The Lexham English Bible (LEB) is a new translation of the Bible into English. It clearly communicates the meaning of the original languages and gives you a clear English translation, and shows you how it gets there. It is one of the components in a suite of resources from Lexham Press which connect the original language texts to formal translations.
New translations of the Bible emerge from a quest for greater accuracy, from new scholarly discoveries in linguistics and semantics, from recent advances in lexicography, from new archaeological discoveries, and from a greater understanding of the evolution of the English language. In the case of the LEB, the answer to this question is much simpler.
First, the LEB achieves an unparalleled level of transparency because the LEB has as its starting point the Lexham Greek-English Interlinear New Testament, available separately from Logos Bible Software.
Second, the LEB makes extensive use of the most up-to-date lexical reference works available, Frederick Danker's A Greek-English Lexicon of the New Testament and Other Early Christian Literature (BDAG) and Louw and Nida's Greek-English Lexicon of the New Testament based on Semantic Domains.
The Lexham English Bible, used with an interlinear, reveals the entire translation process. Follow the path from the original language, to the interlinear, to the English translation, and then back again with a reverse interlinear. You'll never find yourself wondering why the LEB translates a word or phrase a certain way. Identify idioms. Discover the tricky texts. See the difficult lexicographical choices. It's all right there.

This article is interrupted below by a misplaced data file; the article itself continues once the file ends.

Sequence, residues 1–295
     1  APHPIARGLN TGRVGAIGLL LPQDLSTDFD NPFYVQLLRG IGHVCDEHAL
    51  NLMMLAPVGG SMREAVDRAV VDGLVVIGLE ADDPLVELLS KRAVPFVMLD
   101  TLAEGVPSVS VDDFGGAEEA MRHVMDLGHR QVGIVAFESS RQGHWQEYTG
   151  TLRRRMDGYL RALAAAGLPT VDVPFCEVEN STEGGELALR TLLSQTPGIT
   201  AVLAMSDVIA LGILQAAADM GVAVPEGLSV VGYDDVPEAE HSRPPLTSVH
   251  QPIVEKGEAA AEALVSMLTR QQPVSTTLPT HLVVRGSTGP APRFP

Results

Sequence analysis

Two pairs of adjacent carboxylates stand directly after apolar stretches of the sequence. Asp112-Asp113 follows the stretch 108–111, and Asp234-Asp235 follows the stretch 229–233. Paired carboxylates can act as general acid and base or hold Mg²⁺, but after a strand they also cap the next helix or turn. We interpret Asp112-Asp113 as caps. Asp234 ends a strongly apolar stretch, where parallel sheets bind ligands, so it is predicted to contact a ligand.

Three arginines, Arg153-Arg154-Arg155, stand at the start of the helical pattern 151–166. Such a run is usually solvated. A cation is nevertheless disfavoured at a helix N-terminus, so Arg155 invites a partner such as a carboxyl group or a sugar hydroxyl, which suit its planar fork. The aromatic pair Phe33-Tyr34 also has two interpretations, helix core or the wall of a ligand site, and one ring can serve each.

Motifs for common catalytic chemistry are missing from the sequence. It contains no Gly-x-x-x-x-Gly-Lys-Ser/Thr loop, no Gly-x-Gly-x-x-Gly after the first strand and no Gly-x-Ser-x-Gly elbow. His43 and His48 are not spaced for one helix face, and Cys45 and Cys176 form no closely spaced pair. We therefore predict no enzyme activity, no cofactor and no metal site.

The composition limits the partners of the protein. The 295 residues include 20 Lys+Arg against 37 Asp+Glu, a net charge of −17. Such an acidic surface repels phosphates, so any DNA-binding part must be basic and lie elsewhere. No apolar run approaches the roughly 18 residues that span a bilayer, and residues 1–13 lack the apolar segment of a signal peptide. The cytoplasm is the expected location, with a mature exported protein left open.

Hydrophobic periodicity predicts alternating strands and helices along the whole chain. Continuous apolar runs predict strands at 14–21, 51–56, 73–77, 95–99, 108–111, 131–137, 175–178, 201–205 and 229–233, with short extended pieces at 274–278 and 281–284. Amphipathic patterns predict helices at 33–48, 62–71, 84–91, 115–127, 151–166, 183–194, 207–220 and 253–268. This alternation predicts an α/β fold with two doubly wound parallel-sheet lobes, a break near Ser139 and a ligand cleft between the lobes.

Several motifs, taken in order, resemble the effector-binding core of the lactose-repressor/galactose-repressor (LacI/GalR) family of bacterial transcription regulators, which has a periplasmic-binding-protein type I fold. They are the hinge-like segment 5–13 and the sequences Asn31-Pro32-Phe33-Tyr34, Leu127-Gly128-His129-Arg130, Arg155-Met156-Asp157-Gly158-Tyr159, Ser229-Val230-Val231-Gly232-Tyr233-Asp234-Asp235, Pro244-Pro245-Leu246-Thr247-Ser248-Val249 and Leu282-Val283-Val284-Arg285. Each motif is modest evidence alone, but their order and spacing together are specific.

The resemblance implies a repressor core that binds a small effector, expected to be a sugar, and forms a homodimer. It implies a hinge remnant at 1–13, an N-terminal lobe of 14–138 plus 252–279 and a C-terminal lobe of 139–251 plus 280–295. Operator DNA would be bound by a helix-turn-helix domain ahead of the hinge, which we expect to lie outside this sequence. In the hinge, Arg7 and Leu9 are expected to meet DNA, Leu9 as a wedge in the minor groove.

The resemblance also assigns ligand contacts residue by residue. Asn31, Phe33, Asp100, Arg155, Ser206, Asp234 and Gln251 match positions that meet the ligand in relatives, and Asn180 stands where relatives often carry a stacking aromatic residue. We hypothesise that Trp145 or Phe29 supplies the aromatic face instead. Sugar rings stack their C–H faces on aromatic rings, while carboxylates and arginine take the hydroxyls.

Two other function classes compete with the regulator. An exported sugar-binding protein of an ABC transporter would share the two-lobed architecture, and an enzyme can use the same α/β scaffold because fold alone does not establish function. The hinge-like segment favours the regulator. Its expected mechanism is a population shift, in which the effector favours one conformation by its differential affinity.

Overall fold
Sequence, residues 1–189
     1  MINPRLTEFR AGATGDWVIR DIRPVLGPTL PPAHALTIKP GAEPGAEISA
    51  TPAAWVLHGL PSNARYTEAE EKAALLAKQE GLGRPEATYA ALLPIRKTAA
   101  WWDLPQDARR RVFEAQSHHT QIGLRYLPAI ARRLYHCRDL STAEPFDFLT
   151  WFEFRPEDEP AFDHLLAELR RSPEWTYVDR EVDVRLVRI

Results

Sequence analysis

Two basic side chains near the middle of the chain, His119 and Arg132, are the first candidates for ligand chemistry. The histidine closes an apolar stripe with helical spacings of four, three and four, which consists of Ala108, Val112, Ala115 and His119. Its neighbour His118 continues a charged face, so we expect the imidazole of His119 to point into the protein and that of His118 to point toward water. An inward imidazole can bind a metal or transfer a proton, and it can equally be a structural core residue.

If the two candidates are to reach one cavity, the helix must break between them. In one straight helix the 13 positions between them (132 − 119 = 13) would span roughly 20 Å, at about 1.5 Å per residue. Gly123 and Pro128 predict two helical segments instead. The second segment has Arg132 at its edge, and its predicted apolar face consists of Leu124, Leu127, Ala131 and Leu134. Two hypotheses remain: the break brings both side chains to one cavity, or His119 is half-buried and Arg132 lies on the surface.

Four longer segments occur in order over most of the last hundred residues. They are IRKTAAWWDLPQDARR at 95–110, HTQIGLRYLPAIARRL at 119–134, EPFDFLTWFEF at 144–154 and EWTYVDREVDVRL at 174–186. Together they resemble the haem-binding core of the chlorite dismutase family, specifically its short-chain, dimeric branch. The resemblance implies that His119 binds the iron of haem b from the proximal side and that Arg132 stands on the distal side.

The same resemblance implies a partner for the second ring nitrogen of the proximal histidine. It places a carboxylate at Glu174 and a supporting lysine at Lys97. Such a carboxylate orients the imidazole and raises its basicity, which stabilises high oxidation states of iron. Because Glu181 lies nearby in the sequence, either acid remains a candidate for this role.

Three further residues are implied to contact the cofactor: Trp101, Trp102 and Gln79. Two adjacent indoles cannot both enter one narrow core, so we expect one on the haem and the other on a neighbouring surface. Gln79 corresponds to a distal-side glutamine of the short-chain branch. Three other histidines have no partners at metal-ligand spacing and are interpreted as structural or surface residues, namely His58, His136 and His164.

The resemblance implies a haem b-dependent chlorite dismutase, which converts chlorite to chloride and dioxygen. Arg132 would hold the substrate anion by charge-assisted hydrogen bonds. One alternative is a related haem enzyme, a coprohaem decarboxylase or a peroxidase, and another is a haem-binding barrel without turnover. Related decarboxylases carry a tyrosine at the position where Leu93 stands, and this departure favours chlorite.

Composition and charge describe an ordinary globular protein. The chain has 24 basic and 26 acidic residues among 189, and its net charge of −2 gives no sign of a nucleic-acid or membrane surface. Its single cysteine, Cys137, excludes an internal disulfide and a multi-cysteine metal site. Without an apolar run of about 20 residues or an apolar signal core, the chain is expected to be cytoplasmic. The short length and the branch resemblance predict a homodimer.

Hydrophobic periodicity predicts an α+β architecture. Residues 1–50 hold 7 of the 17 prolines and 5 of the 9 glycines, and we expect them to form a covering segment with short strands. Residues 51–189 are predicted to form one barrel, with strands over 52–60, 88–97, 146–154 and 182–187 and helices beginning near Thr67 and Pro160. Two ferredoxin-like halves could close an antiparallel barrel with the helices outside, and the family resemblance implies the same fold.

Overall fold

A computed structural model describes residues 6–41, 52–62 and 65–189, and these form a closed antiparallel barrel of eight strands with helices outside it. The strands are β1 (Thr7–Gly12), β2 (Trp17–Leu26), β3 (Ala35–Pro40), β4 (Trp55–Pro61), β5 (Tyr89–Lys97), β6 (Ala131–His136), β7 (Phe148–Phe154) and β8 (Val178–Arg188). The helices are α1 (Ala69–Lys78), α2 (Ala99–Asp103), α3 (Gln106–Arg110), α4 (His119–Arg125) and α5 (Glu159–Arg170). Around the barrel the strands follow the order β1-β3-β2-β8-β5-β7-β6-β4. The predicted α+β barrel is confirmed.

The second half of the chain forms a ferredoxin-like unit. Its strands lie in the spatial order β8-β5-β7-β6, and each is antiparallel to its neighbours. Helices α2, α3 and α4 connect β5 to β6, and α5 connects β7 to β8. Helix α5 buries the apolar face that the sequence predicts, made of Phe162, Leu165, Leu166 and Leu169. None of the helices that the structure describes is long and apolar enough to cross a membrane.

The entire translation process is focused and transparent. It was developed through an interlinear process using Logos Bible Software. At any point, you can work from the original languages to the LEB, or from the LEB back to the original languages.
The LEB closely follows the original while remaining readable in contemporary English. The style of the translation is relatively literal, which stems from the desire to have the English translation correspond transparently to the original language text. The translators attempt—within these constraints—to produce a clear and readable English translation instead of a woodenly literal one.
Some words and phrases are difficult to translate, and the LEB is careful to mark these instances:
Every time the LEB encounters a difficult word or phrase, you'll know—and you'll be able to dig deeper behind the translation itself to find the meaning in the text of the original language.
Genesis 1:26–28: And God said, “Let us make humankind in our image and according to our likeness, and let them rule over the fish of the sea, and over the birds of heaven, and over the cattle, and over all the earth, and over every moving thing that moves upon the earth.” So God created humankind in his image, in the likeness of God he created him, male and female he created them. And God blessed them, and God said to them, “Be fruitful and multiply, and fill the earth and subdue it, and rule over the fish of the sea and the birds of heaven, and over every animal that moves upon the earth.”
Proverbs 3:4–10: And you shall find favor and good sense in the eyes of God and humankind. Trust Yahweh with all your heart; do not lean toward your own understanding. In all your ways acknowledge him, and he will straighten your paths. …
Jeremiah 29:11–14: For I know the plans that I am planning concerning you,’ declares Yahweh, ‘plans for prosperity and not for harm, to give to you a future and a hope. Then when you call me, and you come and pray to me, then I will listen to you. When you search for me, then you will find me, if you seek me with all your heart. …
Matthew 4:3–4: And the tempter approached and said to him, “If you are the Son of God, order that these stones become bread.” But he answered and said, “It is written, ‘Man will not live on bread alone, but on every word that comes out of the mouth of God.’ ”